Colostomy is usually recommended after a surgery where part of the colon or rectum has been removed, and the remaining portions are unable to function normally.
This happens when a patient has been diagnosed with colorectal cancer. If a patient has cancer of the colon or rectum, doctors perform a surgery called abdomino-perineal (AP) resection, where parts of the affected bowel are removed. After this surgery is over, colostomy needs to be performed.
Sometimes the rectum and colon may have some serious disease like ulcerative colitis, where part of the rectum and colon cannot function properly. This too would necessitate a surgery followed by colostomy.
Colostomy allows your body to dispose of its stool. It follows a surgery where a part of the diseased colon and rectum have already been removed. After the surgery, an opening is made in the skin of the abdomen. Now, the cut ends of the large intestine and the colon are also brought to the surface of the skin and stitched to the opening. A disposable plastic bag is attached to this opening outside the body. Stool collects in this bag and is emptied whenever required.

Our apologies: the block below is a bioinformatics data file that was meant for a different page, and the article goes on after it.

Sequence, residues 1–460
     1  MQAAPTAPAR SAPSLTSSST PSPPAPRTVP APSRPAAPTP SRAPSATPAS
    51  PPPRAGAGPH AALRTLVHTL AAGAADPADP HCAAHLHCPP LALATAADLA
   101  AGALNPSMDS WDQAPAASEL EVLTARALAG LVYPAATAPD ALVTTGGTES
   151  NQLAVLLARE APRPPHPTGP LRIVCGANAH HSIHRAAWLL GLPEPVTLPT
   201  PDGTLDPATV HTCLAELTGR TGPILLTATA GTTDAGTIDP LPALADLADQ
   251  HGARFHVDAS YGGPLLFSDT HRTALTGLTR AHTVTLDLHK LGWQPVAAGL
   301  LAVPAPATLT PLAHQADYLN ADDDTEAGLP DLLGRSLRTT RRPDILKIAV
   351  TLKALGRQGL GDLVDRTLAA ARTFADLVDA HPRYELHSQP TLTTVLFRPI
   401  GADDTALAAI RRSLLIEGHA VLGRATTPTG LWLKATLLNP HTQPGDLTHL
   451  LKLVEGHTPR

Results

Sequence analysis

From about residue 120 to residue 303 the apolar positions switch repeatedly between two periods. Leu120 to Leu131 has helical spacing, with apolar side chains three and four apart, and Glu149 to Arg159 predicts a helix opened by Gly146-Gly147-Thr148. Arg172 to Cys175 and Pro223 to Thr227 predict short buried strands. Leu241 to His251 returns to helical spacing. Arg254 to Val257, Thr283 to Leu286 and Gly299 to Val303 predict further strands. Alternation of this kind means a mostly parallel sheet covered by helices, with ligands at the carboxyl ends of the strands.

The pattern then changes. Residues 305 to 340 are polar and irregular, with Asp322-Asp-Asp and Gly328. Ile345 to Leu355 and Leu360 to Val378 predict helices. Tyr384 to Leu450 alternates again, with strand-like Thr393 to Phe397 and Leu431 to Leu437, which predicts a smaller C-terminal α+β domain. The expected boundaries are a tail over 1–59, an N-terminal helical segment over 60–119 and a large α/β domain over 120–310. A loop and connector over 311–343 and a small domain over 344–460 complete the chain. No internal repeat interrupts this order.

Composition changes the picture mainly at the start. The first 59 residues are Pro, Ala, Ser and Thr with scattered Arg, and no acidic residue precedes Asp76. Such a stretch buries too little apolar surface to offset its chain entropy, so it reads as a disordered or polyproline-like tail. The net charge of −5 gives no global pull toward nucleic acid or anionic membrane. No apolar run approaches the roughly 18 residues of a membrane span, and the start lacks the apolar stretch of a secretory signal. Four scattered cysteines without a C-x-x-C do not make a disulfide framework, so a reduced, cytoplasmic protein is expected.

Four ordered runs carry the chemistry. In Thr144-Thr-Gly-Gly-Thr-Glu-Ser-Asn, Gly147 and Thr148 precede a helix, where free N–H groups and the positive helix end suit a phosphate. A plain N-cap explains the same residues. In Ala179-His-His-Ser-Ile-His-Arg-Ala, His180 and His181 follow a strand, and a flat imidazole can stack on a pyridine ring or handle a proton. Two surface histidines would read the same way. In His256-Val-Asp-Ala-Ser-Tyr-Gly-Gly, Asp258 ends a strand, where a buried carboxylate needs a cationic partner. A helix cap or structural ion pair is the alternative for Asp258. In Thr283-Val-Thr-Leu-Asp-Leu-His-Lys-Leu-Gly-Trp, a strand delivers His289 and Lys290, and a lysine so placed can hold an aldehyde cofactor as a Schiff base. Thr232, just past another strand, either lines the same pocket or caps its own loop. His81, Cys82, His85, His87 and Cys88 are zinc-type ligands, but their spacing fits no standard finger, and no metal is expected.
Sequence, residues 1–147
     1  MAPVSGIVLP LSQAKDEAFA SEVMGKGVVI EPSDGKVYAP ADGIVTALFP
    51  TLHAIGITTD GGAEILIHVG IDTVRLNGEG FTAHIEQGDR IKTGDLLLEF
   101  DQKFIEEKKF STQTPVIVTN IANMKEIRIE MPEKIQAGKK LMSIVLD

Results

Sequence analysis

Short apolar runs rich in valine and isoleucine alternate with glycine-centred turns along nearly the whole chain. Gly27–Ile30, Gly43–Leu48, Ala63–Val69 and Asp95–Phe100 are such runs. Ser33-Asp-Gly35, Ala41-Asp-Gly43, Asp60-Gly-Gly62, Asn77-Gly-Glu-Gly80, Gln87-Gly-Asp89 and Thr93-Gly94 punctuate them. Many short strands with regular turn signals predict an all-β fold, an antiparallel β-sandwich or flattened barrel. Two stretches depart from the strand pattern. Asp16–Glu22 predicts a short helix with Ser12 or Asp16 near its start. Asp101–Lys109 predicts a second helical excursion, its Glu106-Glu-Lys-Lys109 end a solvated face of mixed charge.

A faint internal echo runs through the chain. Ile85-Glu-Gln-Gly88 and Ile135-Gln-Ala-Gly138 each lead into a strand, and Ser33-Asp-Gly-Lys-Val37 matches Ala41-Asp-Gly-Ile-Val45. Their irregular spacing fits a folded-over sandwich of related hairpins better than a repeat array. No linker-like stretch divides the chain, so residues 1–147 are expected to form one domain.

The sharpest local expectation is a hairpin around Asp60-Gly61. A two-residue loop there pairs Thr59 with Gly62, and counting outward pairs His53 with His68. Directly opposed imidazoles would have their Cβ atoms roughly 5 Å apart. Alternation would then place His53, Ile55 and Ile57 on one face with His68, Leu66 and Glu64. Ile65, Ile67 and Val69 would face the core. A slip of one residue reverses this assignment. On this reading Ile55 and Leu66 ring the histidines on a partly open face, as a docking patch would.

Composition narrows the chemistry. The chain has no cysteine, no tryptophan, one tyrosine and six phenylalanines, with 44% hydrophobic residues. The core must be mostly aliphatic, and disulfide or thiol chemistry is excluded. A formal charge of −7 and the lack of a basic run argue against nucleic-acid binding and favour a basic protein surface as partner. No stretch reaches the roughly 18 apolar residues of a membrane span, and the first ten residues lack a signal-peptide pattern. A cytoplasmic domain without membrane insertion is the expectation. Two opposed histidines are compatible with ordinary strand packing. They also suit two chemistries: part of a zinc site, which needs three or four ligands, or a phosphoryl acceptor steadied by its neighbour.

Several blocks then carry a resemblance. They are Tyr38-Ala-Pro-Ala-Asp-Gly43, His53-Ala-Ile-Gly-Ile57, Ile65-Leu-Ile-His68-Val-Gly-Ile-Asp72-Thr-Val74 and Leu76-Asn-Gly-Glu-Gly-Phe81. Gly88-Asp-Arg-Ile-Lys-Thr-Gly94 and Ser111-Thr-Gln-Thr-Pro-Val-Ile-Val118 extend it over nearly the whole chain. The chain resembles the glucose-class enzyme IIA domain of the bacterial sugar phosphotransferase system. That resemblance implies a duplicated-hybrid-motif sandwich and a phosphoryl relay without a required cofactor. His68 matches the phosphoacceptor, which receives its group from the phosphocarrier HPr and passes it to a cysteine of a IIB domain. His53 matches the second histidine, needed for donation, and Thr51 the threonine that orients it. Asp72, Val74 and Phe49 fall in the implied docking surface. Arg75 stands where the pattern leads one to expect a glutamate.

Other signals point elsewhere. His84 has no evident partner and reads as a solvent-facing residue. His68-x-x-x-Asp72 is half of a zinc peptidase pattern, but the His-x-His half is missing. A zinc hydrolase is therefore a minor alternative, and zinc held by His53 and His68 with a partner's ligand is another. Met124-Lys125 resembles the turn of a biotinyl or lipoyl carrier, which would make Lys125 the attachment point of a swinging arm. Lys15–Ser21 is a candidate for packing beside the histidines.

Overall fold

Colostomy is done under general anesthesia. The patient may be required to stay for a few days in the hospitable while healing takes place. The doctor will instruct the patient on how to use the colostomy bag, and how to identify signs of infection.
After you return home, it may take 2 to 3 months for the bowel tissues to heal.
Colostomy can be of two types - temporary or permanent.
This surgery has a few risks attached to it, if you do not take proper care. The site of the surgery and the attachment of the disposable bag may get infected and inflamed. This can cause other complications, so you need to take utmost care.